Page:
Remote Microscopy for Education

In collaboration with the Live Cell Biotechnology Discovery Lab at the UC Santa Cruz Genomics Institute, I have provided the use of the microscope I am developing as a part of my PhD for livestreamed science education experiments. This has taken the form of modifying and programming the microscope to capture brightfield images of cell cultures that have been chosen by the participating students and make the results accessible in near real-time online. We have collaborated with multiple schools in multiple countries as part of a broader initiative to make laboratory neuroscience more accessible in areas that don’t have the resources to perform these experiments themselves. We are still continuing to perform these experiments throught 2024.

My contribution to this work has been to provide and manage custom imaging equipment, software, and livestreaming. This work has resulted in contributions to two publications so far, with a paper about the design of the microscope itself still in development.

Figure from Elliott et al. which features prototype of microscope.

Internet-connected cortical organoids for project-based stem cell and neuroscience education, eNeuro, 2023

Cloud-controlled microscopy enables remote project-based biology education in underserved Latinx communities, Heliyon, 2021

PolyPhy: 3D Printing Slime Mold Structures

The Physarum polycephalum slime mold is an acellular organism that can solve shortest paths problems due to its optimal foraging problems. Because of this, Dr. Oskar Elek, in collaboration with cosmologists and data visualization experts, created a Monte Carlo-based simulation software to use the behaviors of the slime mold to approximate the shape of the ‘cosmic web’, a gigantic network of gas and dark matter that can tell us a lot about the formation of galaxies and the structure of the universe.

My contribution to this project has been to take the structures created by the simulation software, PolyPhy (previously called PolyPhorm) and turn them into 3D printable meshes. These meshes should retain some of the topologically optimal properties of the slime mold, and are visually compelling bio-inspired objects. With my pipeline, any watertight 3D mesh can be ‘slimed’ and turned into a representation of itself created out of dense networks of scaffolding structures.

The earlier versions of this project formed the basis for my bachelor’s and master’s theses. More recently, this work has resulted in two poster presentations at the ACM Symposium on Computational Fabrication (2022,2023), with a paper focused on the more technical aspects of the project coming soon.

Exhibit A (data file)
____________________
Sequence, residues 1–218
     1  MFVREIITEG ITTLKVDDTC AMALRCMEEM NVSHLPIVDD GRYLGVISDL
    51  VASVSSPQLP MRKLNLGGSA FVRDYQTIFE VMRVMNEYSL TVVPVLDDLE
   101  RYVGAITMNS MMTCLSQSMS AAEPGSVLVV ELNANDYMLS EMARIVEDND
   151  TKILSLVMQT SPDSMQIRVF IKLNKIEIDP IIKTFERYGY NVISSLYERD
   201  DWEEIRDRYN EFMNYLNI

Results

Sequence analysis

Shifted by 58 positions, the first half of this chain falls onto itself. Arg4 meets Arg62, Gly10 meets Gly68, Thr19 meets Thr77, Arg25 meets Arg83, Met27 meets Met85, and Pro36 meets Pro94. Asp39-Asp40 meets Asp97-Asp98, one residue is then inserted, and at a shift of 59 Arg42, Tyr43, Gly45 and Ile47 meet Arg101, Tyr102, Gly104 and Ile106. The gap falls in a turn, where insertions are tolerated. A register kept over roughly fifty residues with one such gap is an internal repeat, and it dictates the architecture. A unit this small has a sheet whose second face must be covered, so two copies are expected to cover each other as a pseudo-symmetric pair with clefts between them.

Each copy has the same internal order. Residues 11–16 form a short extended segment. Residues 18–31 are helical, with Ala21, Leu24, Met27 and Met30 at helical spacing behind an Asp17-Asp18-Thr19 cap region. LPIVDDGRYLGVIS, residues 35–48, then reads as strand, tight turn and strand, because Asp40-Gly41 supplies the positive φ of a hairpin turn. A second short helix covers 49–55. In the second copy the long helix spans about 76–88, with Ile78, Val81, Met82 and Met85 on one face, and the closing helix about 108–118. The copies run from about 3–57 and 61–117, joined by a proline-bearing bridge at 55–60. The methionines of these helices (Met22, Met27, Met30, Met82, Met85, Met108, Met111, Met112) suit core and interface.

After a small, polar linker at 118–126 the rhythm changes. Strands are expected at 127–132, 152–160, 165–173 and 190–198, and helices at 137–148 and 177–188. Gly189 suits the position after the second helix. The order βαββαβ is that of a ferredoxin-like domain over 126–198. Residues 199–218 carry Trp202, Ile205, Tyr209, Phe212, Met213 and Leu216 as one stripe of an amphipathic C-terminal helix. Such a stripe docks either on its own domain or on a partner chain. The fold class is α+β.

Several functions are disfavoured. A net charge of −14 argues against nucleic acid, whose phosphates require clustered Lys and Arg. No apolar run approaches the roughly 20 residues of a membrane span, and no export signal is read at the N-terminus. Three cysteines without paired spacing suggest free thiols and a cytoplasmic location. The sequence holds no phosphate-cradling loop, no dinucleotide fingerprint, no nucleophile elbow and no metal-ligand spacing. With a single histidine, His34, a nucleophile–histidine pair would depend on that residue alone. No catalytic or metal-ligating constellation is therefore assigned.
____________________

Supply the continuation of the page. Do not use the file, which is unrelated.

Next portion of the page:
Gallery of 3D models created with PolyPhy

PolyPhy: Open Source Generator for 3D Printed Bio-inspired Objects, ACM Symposium on Computational Fabrication, 2023

Physicalizing Virtual Models Created by Physarum Polycephalum 3D Simulation, University of California, Santa Cruz,2023

Scaffolding Generation using a 3D Physarum Polycephalum Simulation, ACM Symposium on Computational Fabrication, 2022

Printing the Polyphorm: Using 3D Printing to Manufacture Biologically Inspired Rhizomatic Structures, University of California, Santa Cruz,2021

Seru-Otchi: Laboratory Protocol Training Game for Undergraduates

Undergraduate students looking to join a scientific laboratory often have to read intimidating and dense academic articles that are very difficult to derive knowledge from unless you have experience with reading them. This work, a collaboration between Victoria Ly, Dr. Jess Sevetson, and myself, looks to help lower the barrier to entry for undergraduates joining a lab by supplementing the academic materials with an interactive browser based game that creates a interactive version of the paper used by Dr. Sevetson to teach new students cell culture.

This work and the study we did to validate it has resulted in a paper that is currently in review at a scientific journal.

Screenshot of the educational game

Alternate Controllers for Team Liquid

After winning the first edition of major eSports organization Team Liquid’s hackahthon, Liquid Hacks, my team and I were invited to participate in two pieces of video content for their YouTube channel. The first video featured the project we created for the hackathon, which turned a Nerf blaster into a controller for the video game Valorant. We shipped our controller to the Netherlands for their professional Valorant team to try out, and the video is a compilation of their attempts and our reactions.

For the second video, Team Liquid flew my team and I out to Los Angeles to spend a weekend building an alternate controller for League of Legends based on a specific character’s abilities. This controller was then used by one of their professional players, a world champion who is one of the best at that character on the planet.

This contract work has resulted in two published pieces of video content that feature my engineering work prominently.

Screenshot from the second project

Can CoreJJ play with an IRL Thresh Hook?!, 2022

Liquid Play VALORANT In VR ?! ft. Liquid Hacks, 2021

Selected Hackathon Projects

I participated in many hackathons as an undergraduate as excuses to learn new things and as a creative outlet - if the project idea didn’t make me laugh, I probably wasn’t interested. Here are some of my personal favorite projects that I was a part of. My full Devpost profile can be found here.

Cover images for hackathon projects

Archie, Warmer of Snacks - Winner, Best Hardware Hack, CruzHacks 2021

R.A.N.G.E. - Winner, 1st Overall, LiquidHacks 2020

owie, - Winner, “Well, it’s not rocket science.” Prize, To the Moon and Hack 2020

bewithdoggy, - Winner, Wildest Idea Prize, CruzHacks 2022